Montgomery Co. still without animal control officer, shelter after breeder bust

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MONTGOMERY, COUNTY, Ga. (WSAV) – It’s been months since hundreds of dogs were rescued from terrible living conditions in Montgomery and Candler counties, but so far only one county has made improvements to their animal services.

Since the story unfolded in January, the owner of the two alleged puppy mills, Angela Powell, has been charged in both counties.

But, unlike Candler County, Montgomery has yet to pass any ordinances addressing tethering, and providing adequate food and water for outside pets.

“Dogs show up and you just kind of take care of them, there’s no one to call,” said John Marshall, the field operations officer for Guardians of Rescue.

Under the direction of Guardians of Rescue, a group based out of New York, Marshall has been working in Montgomery County for three months.

“Our goal is to help both the community and the animals of the community,” said Marshall. “You know, dogs get hit by cars—roaming free. There needs to be some changes to the tethering laws, but there also needs to be some containment laws and they need to be able to be enforced.”

He took drone footage that shows nearly 40 dogs on one property—all chained to blue buckets.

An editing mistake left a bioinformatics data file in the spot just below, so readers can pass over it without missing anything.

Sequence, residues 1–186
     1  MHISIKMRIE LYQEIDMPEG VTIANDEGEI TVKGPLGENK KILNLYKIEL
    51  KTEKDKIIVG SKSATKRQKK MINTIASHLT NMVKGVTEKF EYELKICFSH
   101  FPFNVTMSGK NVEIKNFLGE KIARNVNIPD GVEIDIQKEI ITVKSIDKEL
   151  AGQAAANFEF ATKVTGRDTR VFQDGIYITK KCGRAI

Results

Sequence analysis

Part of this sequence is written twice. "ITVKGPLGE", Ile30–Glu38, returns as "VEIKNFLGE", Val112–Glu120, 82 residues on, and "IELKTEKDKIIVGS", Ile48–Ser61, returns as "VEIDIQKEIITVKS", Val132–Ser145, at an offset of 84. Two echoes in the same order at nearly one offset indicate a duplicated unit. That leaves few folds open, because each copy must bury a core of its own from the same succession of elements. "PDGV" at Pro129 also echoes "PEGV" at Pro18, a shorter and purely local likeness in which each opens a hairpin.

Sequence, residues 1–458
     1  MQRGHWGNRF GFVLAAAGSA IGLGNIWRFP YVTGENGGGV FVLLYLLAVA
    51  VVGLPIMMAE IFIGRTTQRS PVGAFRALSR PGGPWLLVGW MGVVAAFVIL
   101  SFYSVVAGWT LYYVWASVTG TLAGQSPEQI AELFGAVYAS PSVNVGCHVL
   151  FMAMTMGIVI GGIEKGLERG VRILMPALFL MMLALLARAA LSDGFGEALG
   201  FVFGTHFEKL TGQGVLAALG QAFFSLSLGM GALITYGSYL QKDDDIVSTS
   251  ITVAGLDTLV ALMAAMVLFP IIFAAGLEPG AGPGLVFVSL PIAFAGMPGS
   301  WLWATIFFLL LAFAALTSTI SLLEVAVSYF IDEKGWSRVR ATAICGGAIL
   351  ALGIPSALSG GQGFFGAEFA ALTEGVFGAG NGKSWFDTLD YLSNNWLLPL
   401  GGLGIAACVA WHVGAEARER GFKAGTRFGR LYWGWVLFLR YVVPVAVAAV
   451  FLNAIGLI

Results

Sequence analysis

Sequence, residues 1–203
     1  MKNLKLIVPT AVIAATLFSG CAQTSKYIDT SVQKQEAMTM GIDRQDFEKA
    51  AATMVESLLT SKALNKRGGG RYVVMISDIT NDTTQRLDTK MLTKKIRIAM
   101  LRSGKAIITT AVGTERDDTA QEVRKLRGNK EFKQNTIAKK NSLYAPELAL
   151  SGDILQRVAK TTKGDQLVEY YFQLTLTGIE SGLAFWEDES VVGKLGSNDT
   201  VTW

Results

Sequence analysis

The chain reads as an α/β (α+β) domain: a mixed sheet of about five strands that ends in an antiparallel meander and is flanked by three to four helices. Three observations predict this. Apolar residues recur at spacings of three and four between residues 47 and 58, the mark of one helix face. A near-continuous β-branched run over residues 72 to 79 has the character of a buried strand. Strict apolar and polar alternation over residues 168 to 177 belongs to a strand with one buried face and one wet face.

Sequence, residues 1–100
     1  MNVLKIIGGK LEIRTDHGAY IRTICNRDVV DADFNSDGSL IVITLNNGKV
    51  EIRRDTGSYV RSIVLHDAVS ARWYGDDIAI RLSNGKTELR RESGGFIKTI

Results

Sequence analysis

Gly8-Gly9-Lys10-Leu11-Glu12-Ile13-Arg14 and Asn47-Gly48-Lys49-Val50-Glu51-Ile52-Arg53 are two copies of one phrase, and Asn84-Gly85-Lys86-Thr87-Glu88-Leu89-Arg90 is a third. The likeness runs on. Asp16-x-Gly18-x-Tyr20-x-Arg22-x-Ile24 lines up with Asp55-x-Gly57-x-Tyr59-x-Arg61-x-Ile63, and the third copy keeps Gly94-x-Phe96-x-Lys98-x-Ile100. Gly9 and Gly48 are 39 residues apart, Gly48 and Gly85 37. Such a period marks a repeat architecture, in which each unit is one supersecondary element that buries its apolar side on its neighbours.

“The sheriff’s department, they’re doing the best they can. But when you only have two deputies on a shift, they can’t handle this much,” Marshall said. “So the only solution is to get an animal control officer and an animal shelter.”

Greg Palmer, a Montgomery County Commissioner, said he’s been working with other commissioners to get a shelter in the area.

“‘You know I used to be in education to kids, we don’t  just got to teach them this little bit.’ You know… instead ‘Let’s do all we can do and at the same time look out for the taxpayers in the process,” said Palmer.

Along with passing ordinances addressing tethering—Marshall also believes existing shelter laws should be clearer.

“There’s nothing that specifies what’s a shelter in these laws either—there’s nothing that defines them,” he explained. “So if you flip a wheelbarrow over on the side of a tree and you’ve got a dog chained to it, someones going to argue, ‘Well that’s shelter,’ and that’s not okay.”

The board of commissioners has a listening session on dog control services scheduled for May 7. In a notice posted in the local paper, they also mentioned the possibility of a tax increase to fund those services.

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